Anheuser-Busch, parent company of Budweiser and major UFC sponsor, has apparently warned the UFC about offensive remarks made by some fighters, and other employees. Anheuser-Busch has stated that if the UFC does not start taking appropriate action that there will be repercussions.
AdvertisingAge reports that multiple advocacy groups have complained to the company about sexist and homophobic comments made by UFC employees.
Anheuser-Busch did not elaborate on the actions that would be taken but stressed that as a company they “[embrace] diversity and [do] not condone insensitive and derogatory comments rooted in ethnicity, race, religion, sexual orientation, gender identity, disability, etc.”
AdvertisingAge was given a statement on the matter from the UFC:
“With over 425 athletes on our roster, there have unfortunately been instances where a couple athletes have made insensitive or inappropriate comments. We don’t condone this behavior, and in no way is it reflective of the company or its values.”
The advocacy groups have also become a major voice in New York, where they have lobbied against the UFC for “permitting” homophobic, misogynistic, and violent language. One group, National Center on Domestic and Sexual Violence, specifically mentioned separate incidents involving fighters Quinton “Rampage” Jackson, Rashad Evans, and UFC analyst/comedian Joe Rogan.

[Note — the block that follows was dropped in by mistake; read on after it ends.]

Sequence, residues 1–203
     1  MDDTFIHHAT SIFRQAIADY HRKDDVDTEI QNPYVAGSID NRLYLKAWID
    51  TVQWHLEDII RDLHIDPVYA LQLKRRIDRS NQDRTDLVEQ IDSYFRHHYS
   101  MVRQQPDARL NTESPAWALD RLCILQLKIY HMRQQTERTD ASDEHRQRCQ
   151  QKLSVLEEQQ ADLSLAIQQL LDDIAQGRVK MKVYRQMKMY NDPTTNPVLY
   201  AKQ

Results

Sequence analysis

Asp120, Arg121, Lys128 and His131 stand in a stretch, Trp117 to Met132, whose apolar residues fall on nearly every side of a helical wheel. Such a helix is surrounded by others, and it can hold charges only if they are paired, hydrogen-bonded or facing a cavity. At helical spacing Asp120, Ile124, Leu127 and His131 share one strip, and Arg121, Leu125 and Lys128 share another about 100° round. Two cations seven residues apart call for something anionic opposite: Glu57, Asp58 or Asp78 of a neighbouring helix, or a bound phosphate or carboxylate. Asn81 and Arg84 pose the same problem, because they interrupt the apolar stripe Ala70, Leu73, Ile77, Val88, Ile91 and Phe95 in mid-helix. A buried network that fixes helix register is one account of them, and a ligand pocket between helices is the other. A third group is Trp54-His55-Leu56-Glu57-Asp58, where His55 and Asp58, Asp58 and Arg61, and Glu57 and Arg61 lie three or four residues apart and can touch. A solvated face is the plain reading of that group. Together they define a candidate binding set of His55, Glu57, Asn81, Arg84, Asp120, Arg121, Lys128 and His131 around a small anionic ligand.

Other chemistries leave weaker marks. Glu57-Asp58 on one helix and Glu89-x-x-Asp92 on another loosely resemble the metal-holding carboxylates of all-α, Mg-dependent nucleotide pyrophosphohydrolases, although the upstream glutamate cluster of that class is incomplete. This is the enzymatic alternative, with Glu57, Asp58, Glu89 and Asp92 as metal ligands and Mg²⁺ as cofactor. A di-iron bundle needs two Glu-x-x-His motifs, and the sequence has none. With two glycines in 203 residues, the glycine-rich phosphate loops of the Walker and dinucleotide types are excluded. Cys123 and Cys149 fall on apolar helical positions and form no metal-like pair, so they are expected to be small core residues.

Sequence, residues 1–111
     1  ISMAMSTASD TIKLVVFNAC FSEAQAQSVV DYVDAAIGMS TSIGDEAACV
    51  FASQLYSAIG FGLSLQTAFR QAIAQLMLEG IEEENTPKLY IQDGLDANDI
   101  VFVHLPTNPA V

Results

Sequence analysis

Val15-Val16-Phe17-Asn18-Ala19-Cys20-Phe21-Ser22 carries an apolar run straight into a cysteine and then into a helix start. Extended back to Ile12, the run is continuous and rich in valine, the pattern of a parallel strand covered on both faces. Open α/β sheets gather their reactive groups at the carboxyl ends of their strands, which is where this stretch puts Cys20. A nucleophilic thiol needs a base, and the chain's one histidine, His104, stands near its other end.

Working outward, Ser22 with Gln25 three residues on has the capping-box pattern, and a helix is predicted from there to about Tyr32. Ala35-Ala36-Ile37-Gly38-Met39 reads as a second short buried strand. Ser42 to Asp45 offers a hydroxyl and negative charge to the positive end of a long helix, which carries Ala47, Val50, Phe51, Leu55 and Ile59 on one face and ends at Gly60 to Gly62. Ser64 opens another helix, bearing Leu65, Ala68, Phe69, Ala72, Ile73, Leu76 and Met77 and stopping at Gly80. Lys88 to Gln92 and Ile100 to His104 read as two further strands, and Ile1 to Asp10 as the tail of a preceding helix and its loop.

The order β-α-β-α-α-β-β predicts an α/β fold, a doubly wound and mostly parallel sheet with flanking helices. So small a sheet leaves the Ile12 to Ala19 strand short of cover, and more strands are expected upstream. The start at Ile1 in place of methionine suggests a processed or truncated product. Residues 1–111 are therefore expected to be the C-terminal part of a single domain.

The UFC responded to the website stating:
“Unlike most other sports leagues, we encourage our athletes to engage online. It is part of our company culture, and whenever you are at the forefront of a trend or initiative, it comes with its own pitfalls. We will continue to embrace social media while looking for better ways to stay in front of the issues. This includes a mandate for our athletes to attend sensitivity training and a seminar on proper use of social media.”
While hardcore fans may blow this off, it is important to realize that the UFC is in a precarious position as it sits at the edge of becoming a mainstream sport with its network and large sponsorships. Issues like these can be very damaging to both the perception of the sport as well as the financing of the sport. In short, this is not something the UFC can literally afford to ignore anymore.